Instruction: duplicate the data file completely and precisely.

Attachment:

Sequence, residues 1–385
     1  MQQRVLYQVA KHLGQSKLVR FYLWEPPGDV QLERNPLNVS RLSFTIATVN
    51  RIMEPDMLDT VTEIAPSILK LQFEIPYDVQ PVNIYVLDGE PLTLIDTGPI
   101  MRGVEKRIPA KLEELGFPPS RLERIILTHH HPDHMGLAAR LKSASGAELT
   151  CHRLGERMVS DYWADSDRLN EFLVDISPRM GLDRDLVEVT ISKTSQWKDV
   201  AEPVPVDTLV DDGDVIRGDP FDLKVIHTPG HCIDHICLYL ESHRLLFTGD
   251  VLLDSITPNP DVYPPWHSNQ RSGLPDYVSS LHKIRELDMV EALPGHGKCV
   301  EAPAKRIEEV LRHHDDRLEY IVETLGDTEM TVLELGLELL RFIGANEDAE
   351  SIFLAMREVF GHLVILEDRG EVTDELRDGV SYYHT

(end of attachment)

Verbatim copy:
Sequence, residues 1–385
     1  MQQRVLYQVA KHLGQSKLVR FYLWEPPGDV QLERNPLNVS RLSFTIATVN
    51  RIMEPDMLDT VTEIAPSILK LQFEIPYDVQ PVNIYVLDGE PLTLIDTGPI
   101  MRGVEKRIPA KLEELGFPPS RLERIILTHH HPDHMGLAAR LKSASGAELT
   151  CHRLGERMVS DYWADSDRLN EFLVDISPRM GLDRDLVEVT ISKTSQWKDV
   201  AEPVPVDTLV DDGDVIRGDP FDLKVIHTPG HCIDHICLYL ESHRLLFTGD
   251  VLLDSITPNP DVYPPWHSNQ RSGLPDYVSS LHKIRELDMV EALPGHGKCV
   301  EAPAKRIEEV LRHHDDRLEY IVETLGDTEM TVLELGLELL RFIGANEDAE
   351  SIFLAMREVF GHLVILEDRG EVTDELRDGV SYYHT